Margaret Lloyd, Chemistry 1952 - Bermuda
I was born and grew up in Bermuda and left Oxford in 1955 with what would have been a 3rd but without staying the fourth year to get the class. My mother offered me either the extra year (my Bermuda scholarship having finished) or a trip with her to visit her brother and sister in Africa. I chose the trip and met my husband on the ship going to Africa. I did various jobs in Nairobi before and after we married in 1957, barely using the chemistry, then we moved up country and the job was even less science related. For the next few years we moved around – Kenya, London briefly, Seychelles, Fiji, Hong Kong and back to Bermuda. By the time we got to Bermuda I had long since forgotten the chemistry and took an accounting course. Then in 1981 we went to the Cayman Islands where my husband was governor and there was no chance of my working.
So it wasn’t until he retired in 1986 and we returned to Bermuda that I did anything to boast about. Almost immediately I got involved in a project with the Bermuda National Trust whereby we did a survey of all the buildings in Bermuda which appeared both on an 1898 map and on the modern maps (some 4,000 sites), and this grew into a series of parish by parish books about Bermuda’s Architectural Heritage. We have now published eight out of the expected ten volumes and are working on the last two. I haven’t written them but have been involved in every other aspect, primarily as motivator/coordinator/whatever you like to call it. I’ve loved doing it and think they are a worthwhile series, but can’t honestly say that I would have done it any less well if I hadn’t had an Oxford degree! There’s a set in the LMH library.
Sara Walker – Modern Languages 1960 - Brazil
“The past is a foreign country. They do things differently there.” L.P.Hartley “The Go-Between” 
Fifty-five years after graduation, memories of LMH are slightly fragmentary. It was a women’s college. The closest friends made in those days are still friends today. Sadly, one has died, but the rest of us are in regular [if slightly sporadic] contact. I was sent out to tutorials with some of the great and good, including Robert Shackleton at BNC and the colourful Enid Starkie at Somerville. The LMH library had, and presumably still has, all the volumes of an original 18th century Encylcopédie. It was slightly decrepit in those days- here’s hoping the crumbling pages have now been restored.
There was frustration, though, that in Modern Languages most of the work was in English, about French and Spanish. Spanish, for those doing two languages, was the golden Age of Spain. Mild frustration over not being able to study Latin America led me, indirectly, to do an MA in Latin American Studies at London University in 1966. And that, when a job as a UN volunteer in Peru fell through, led me to accept a two-year British Council contract in Brazil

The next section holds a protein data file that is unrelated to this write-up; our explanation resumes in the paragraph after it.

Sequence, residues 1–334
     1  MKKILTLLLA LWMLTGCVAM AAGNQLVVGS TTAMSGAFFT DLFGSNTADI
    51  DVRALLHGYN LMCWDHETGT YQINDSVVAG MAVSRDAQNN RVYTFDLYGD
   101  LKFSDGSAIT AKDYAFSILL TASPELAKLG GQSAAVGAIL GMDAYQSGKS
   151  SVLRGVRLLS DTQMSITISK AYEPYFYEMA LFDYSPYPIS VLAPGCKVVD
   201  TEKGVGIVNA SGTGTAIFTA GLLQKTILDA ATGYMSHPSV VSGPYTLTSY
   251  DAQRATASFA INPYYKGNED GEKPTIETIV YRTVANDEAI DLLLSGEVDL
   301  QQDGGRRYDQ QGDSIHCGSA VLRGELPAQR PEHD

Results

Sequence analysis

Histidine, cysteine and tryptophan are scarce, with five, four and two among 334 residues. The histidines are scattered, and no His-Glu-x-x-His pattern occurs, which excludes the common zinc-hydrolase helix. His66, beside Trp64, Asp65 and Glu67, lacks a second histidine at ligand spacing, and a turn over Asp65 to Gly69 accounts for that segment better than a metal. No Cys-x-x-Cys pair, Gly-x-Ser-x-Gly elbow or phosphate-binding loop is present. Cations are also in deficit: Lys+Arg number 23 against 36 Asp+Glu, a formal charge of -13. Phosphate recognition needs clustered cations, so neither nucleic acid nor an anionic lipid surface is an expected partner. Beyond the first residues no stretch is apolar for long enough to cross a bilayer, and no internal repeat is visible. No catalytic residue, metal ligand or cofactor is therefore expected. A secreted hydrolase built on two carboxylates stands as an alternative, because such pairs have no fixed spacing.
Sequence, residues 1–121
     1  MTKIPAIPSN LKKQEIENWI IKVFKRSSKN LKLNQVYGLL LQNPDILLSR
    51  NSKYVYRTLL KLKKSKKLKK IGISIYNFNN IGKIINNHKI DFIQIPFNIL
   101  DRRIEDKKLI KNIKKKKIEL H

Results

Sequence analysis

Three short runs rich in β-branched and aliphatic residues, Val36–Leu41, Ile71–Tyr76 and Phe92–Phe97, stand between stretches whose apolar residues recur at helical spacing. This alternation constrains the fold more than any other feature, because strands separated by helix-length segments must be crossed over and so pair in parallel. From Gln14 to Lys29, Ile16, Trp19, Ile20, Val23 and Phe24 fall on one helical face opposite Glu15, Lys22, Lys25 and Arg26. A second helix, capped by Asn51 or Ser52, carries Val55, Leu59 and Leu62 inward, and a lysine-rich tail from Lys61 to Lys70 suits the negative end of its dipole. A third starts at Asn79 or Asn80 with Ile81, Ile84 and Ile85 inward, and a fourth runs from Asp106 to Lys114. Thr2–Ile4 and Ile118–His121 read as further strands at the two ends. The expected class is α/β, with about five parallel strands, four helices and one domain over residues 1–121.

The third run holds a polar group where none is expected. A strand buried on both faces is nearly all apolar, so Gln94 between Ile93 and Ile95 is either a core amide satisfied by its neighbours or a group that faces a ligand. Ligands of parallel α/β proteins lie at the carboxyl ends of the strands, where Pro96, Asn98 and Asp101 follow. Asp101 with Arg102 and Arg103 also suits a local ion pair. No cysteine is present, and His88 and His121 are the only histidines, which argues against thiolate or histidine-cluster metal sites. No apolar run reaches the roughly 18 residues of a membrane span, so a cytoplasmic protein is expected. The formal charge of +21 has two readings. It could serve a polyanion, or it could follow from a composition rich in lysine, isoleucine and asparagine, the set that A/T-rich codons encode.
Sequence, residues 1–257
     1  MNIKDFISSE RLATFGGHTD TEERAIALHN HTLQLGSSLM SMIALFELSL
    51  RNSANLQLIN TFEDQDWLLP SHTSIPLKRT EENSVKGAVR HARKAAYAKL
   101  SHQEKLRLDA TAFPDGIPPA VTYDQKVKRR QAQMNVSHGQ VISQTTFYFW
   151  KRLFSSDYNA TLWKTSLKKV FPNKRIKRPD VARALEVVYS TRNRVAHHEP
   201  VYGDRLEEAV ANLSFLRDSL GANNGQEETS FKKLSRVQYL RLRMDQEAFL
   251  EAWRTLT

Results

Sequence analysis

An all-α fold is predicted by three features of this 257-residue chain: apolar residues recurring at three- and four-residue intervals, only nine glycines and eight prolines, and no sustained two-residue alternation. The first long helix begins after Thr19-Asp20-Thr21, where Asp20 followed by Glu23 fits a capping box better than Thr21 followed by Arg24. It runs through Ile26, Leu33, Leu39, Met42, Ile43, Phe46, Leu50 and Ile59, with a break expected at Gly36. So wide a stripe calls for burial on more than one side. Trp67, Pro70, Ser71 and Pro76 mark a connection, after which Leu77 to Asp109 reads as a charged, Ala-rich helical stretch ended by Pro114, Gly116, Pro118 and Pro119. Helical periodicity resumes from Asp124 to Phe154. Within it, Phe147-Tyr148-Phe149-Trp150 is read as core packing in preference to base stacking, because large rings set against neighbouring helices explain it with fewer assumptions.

Since 1967, I have been teaching English in Brazil- training young diplomats at the Brazilian Foreign Ministry, as well as teaching and teacher training in a variety of contexts. Why? It’s hard to explain the attractions of the huge, diverse, warm country. But I’m here for life.
Pip Oldham – Jurisprudence 1976 – New Zealand
Quentin Hay and I live within sight of one of the main campus of one of Wellington’s two universities, Victoria University of Wellington. We love the proximity and the lively programme of alumni events for which we are both eligible as former students. I studied law at LMH, met Quentin while I was doing my articles at Clifford Chance in London and came to New Zealand with him when he returned here in 1982.
Quentin studied law at Victoria, travelled abroad for what New Zealanders call OE – “overseas experience” - and landed in London where he stayed as long as his visa would allow. Quentin hankered to do postgraduate study. Thanks to the Ann Kennedy’s generous spirit we returned to LMH in 1991 with our one-year old son in tow and spent a happy year experiencing Oxford as a family and LMH as the co-educational college it became in 1979, the year I graduated. Both of us were first in family to study at university. Studying at LMH, and being part of its community, was a wonderful experience.
We returned to Wellington with our second child, born in England soon after Quentin’s graduation, and had two more children. We’ve been consumed by family life and our careers ever since. I work as an oral historian recording oral histories mainly for archiving and research across a range of subject areas and people. Quentin has been a solicitor in private practice and a barrister on his own account and is now working in the Pacific and Development Division of the Ministry of Foreign Affairs and Trade. We have great memories of, and affection for, LMH, enjoy the Brown Book each year, and encourage any alumni visiting Wellington to contact us.